their state but the emoluments should be increased.”
 

Interestingly,
delegates from the Southeast have begun intensive advocacy in the committees for
recommendation that the 2007 presidential slot should be zoned to the zone. Imo
State is been positioned for the slot, according to them.

 

At the head of the
campaign are Chief BON Nwakanma (SAN) and Chief Ziggy Azike from Imo State.

 

 

An area that
featured in most submissions made so far, is the unanimous call for the current
electoral laws of Nigeria to be fundamentally restructured in order to restore
faith in the elections to be conducted in 2007.

 

Mike Nkwocha, a
civil society delegate reasoned that “legitimacy of government is driven from
the mandate of the people freely given and expressed in a democratic manner.
Legitimacy is a sin qua non for good governance and development. A rigged
election and blatant twisting of the will of the people deprives the beneficiary
the legitimacy to govern. Nigeria is gradually getting the notoriety as a place
where the will of the people is always subverted by the ruling elite in the
choice of leadership.

 

 

 

  • The integrity of
    the umpire: the impartiality of the umpire is primary to any free and fair
    election. How do we ensure the integrity of the umpire? It will help to study
    the Indian and South African system where the people and political parties are
    involved in the process of leadership selection of the body whose
    responsibility is to conduct elections. The Independent National Electoral
    Commission (INEC) must be structured to make it really independent by removing
    the overbearing influence of the executive in the appointment, removal of
    Board, management and staff of the body as well as its funding.

  • The system of
    voting should be re-examined and reassessed. I suggest the adoption of the
    Indian Electronic Voting Machine (EVM) which eliminates rigging by more than
    70 per cent and still ensures secrecy of voting. This machine was responsible
    for the last Indian election being adjudged the fairest and freest election in
    recent time. The machine swept the incumbent government out of power and
    brought in Mrs. Ghandi’s Congress Party to power. This machine is not complex
    or sophisticated as to pose a problem to the uneducated but at the same time,
    it cannot be manipulated or fixed to aid malpractice. It is important to have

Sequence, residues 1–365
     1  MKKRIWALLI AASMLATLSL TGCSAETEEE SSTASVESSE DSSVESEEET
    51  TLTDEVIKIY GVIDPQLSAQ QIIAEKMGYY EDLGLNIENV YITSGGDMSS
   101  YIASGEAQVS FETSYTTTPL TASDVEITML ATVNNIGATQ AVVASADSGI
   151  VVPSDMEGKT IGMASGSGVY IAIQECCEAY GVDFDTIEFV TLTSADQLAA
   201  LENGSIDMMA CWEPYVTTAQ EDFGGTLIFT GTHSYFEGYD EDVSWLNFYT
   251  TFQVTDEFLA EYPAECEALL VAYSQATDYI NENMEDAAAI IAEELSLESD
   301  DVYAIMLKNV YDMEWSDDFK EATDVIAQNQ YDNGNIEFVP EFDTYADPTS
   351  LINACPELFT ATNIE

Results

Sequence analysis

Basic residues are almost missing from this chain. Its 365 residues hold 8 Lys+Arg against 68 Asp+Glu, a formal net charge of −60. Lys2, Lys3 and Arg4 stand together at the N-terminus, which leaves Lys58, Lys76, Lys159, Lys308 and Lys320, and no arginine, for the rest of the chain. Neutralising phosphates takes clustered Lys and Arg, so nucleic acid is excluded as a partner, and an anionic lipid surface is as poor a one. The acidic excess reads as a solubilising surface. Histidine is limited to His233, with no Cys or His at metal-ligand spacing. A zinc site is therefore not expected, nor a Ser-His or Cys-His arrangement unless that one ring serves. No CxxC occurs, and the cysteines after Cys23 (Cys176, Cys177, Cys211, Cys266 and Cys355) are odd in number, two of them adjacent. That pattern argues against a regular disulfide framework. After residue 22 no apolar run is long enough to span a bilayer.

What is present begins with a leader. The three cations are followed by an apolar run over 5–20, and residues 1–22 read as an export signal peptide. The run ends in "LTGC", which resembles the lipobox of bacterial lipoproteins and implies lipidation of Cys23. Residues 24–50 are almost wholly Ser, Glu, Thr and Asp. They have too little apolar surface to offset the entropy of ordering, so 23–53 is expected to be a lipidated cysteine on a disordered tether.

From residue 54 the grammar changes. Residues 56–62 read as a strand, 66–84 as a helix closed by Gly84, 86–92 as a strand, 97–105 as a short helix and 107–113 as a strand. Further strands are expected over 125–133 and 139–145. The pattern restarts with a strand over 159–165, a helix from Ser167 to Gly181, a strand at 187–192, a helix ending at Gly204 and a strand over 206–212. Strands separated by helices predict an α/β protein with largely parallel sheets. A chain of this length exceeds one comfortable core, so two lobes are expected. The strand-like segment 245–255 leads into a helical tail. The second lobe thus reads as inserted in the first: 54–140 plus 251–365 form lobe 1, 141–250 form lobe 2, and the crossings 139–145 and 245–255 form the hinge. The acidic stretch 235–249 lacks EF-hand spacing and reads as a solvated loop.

in mind that India has a higher level of illiteracy, poverty and population
    Nigeria.

  • Also the
    electoral law as it relates to petitions and complaints emanating from
    elections should be reviewed. Petitions and complaints of fraud and
    malpractice’s should be disposed off before the winner is officially announced
    and sworn in like the situation in Ukraine.

  • The command
    structure, the use and deployment of police and the armed forces should be
    re-examined. In India there is a temporary change in command structure of the
    police which removes the power of the final authority from the President to
    the Chairman of the Electoral Body. The implication being that the Chairman of
    the Electoral Body is given ample power to maintain the authority and
    neutrality of the body during election. The Inspector General of police
    receives instruction and orders from the Chairman instead of the President.
    Also the practice of allowing all sorts of persons and character to enjoy
    police protection, privileges and use of police for intimidation purposes is
    curtailed.

  • Funding of
    political activities should be curtailed. Our electoral laws must set a limit
    to electoral funding by the parties, the candidates and individuals or
    organisations’ contribution to electoral expenses. This will check corruption,
    godfatherism and wastefulness.

  • Political
    parties shall be reformed to groom and provide credible leadership. Political
    parties in Nigeria are no longer organised groups with set goals and clear
    patriotic ideologies. We have to make considerable effort in this direction
    because it is only by having same agenda that a party can effectively
    contribute to the programme of its government or an opposition party can
    criticise constructively in order to provide an alternative platform for the
    people.

Some observers are
not comfortable that some of the delegates have just bagged appointments into
governing councils of some Federal Universities because their independence in
taking positions at the national dialogue might be compromised. But other
observers believe that the delegates are men and women of integrity who will
support positions at the conference that will place Nigeria on the path to
economic growth and political stability.

 

Another area of
compliant is the closed-door nature of the committee sessions, which may give
rise to government intervention because for now, only security operatives can
gain access to the committee rooms. The Nigerian press is completely banned.

 

Though Reverend
Father Mathew Hassan Kukah, the Secretary of the NPRC has assured the media of
constant interactive sessions, it might be difficult to diffuse the impression
that the government would influence deliberations at the committee sessions
since they are not done in the open.`